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Has Buddha in some forms of Buddhist become a god for them ?

I just knowest and heard terms that put Buddha equal with Jesus or other gods worship in modern times. Do you agree or disagree with me ?


  1. That would be a big NO!
    “Believe nothing, no matter who has said it, not even if I have said it, unless it agrees with your own reason and own common sense.” –Buddha

  2. No Buddha was the leader is creating the philosophy of Nirvana and releasing suffering from yourself and the world. To stop being dependent on materialistic things.
    Maybe you could compare to Jesus as a Leader in the ways of the faith but besides that, Buddha just tried to help end suffering not do flashy magic.
    He is not a god, not a creator, he was a man. A real man.

  3. i am a buddhist, buddha is not a God,
    anyone can become a buddha but they need to work off all of their bad karma and become fully enlighted then they can pass on to Nirvana once they die for the last time

  4. I think I agree. Since they have no “real god” they focus on the Buddha. Maybe I’m wrong though. Correct me if I am mis-observing Buddhism.

  5. There are some forms of Buddhism that worship a “divine” Buddha. But “Buddha” is just a title, meaning “enlightened”. The Buddhist sects that pray to the divine Buddha are not worshiping Siddhartha Gautama the man. They are worshiping the personification of Enlightenment itself.

  6. There are some nontheistic and some theistic Buddhist views. I tend to practice the nontheistic parts – I like the peaceful philosophy, but I do not believe in the Buddhist idea of an impersonal God. I like the way Buddha’s and Jesus’s views correspond. I read a book on it. It was very well written/.

  7. Yes! It is true that many place Buddha along with Jesus in the same light. And in comparative religion this is true. Jesus was not a god.
    Jesus is said to have mentioned “My Father.” And this would lead some, uninformed, that he was the son of God which he was. Except in the same thinking the human race is considered “All God’s children.” Thus, neither one of them were “Gods.”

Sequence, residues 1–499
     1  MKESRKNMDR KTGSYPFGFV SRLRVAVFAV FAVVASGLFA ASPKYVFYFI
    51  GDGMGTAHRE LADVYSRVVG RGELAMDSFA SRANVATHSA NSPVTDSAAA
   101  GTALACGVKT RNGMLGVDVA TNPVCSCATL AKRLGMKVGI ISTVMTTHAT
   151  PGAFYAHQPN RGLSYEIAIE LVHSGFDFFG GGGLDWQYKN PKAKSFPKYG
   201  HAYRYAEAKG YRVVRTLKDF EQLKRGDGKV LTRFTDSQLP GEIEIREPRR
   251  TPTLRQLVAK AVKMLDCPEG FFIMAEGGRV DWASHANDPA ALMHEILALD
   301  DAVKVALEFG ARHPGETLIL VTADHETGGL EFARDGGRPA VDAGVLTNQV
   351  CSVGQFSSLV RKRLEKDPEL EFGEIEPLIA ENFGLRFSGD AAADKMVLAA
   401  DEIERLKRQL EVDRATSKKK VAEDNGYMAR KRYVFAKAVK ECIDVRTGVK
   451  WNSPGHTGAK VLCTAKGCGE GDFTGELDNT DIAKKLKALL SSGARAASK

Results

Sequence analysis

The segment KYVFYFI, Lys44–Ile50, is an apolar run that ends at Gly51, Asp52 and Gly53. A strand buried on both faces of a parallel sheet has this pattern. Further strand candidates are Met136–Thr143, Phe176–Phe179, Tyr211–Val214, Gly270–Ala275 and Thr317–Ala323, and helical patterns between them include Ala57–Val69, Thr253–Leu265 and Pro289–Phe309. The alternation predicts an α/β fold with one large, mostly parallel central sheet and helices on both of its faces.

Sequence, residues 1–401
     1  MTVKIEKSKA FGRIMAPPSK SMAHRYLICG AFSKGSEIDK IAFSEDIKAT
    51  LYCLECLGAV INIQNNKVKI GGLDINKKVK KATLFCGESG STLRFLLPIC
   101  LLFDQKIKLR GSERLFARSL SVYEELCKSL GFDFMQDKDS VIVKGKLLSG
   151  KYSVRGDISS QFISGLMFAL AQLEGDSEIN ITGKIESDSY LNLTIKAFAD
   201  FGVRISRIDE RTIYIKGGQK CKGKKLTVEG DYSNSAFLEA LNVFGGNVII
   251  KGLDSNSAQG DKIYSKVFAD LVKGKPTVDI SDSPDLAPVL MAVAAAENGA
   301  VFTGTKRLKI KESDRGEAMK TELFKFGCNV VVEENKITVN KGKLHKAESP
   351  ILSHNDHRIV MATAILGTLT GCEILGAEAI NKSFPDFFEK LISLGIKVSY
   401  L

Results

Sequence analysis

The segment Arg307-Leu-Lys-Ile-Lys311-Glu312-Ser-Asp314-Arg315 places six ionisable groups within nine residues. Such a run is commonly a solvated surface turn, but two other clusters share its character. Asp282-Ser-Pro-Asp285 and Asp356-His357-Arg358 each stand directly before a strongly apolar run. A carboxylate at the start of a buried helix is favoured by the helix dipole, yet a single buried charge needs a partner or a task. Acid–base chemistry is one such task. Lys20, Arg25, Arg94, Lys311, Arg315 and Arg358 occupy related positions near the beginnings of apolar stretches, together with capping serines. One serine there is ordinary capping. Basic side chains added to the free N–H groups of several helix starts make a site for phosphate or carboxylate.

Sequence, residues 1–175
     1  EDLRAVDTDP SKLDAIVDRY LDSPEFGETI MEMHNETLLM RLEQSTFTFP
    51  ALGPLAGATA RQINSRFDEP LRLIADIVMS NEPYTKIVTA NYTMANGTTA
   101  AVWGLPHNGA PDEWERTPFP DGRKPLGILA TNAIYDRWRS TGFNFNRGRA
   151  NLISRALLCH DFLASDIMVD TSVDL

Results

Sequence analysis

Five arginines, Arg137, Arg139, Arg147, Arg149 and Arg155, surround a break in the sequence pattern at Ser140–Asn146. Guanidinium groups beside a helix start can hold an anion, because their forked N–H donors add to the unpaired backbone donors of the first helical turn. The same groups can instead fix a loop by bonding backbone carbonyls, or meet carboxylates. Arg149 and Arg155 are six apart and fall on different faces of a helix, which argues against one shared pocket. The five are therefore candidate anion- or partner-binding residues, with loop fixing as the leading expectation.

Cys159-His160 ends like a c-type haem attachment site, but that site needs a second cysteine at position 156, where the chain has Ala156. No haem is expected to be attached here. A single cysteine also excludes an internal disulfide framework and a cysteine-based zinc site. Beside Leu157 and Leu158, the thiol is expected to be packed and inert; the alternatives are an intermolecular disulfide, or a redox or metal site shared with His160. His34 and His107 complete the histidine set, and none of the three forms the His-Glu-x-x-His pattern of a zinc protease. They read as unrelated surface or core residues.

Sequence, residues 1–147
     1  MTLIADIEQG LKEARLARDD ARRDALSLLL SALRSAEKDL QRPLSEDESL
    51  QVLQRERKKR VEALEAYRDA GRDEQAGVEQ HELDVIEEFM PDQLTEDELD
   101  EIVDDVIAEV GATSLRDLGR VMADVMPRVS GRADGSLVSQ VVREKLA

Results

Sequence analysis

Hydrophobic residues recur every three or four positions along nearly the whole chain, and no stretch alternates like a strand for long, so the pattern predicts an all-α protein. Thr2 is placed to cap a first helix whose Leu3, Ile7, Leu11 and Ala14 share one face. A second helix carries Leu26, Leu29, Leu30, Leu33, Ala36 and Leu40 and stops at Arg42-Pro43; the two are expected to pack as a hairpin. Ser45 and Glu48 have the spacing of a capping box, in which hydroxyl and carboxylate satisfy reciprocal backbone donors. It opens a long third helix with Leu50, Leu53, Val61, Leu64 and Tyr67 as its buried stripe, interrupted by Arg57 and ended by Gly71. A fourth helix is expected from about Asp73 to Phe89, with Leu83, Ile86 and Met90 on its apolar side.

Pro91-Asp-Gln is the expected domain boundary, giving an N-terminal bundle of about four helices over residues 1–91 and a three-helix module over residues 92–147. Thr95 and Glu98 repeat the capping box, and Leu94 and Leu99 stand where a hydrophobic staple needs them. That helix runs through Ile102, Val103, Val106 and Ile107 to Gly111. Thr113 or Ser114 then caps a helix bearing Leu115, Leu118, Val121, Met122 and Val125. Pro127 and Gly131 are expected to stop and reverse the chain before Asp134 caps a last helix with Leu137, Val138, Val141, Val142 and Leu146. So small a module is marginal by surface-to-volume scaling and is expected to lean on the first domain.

8. World Religions–From Ancient History to the Present There is no source material of his time to tell us anything about Siddhārtha Gautama, the founder of this Buddhism, Buddhist tradition holds that soon after the death of Gautama, a council of 500 monks was convened to decide what was the authentic teaching of the MasterThe Encyclopedia of World Faiths observes that “early Buddhism appears to have taken no account of the question of God, and certainly did not teach or require belief in God.” In its emphasis on each person’s seeking salvation on his own, turning inward to his own mind or consciousness for enlightenment, Buddhism is really agnostic, if not atheistic. . It ignored the fundamental concept of a Supreme Being, by whose will everything exists and operates.–Acts 17:24, 25.
    53 Because of this self-centered and independent way of thinking, the result is a veritable labyrinth of legends, traditions, complex doctrines, and interpretations generated by the many schools and sects over the centuries. the average follower of Buddhism is simply preoccupied with worshiping idols and relics, gods and demons, spirits and ancestors, and performing many other rituals and practices that have little to do with what Gautama the Buddha taught. Clearly, seeking enlightenment without God does not work.

  9. No.
    Mahaparinibbana Sutta (Digha Nikaya 16): on his deathbed, the Buddha urges his disiples to be lamps unto themselves, and let the Dhamma be an island and refuge to them.
    Kalama Sutta (Anguttara Nikaya III:65): The Buddha advises a group of villagers searching for the best beliefs for themselves to question and look for those things that will lead to the best life here and now, not based on what religious leaders have told them.
    Tevijjavacchagotta Sutta (Majjhima Nikaya 71): Buddha denies omniscience and only claims to know his past lives, the arising and dissipation of other beings according to their karma, and liberation from samsara.
    In the Samyutta Nikaya (22:58), the Buddha says that the difference between a Buddha and an Arhat is that a Buddha discovers and elucidates the path of liberation. The arhats, who are disciples, follow the path and attain the same liberation that the Buddha does. It’s a distinction of priority, not of position or inherent importance.
    Some will place more importance on the Buddha than tradition or text calls for, but this is it: straight form the Pali Canon.


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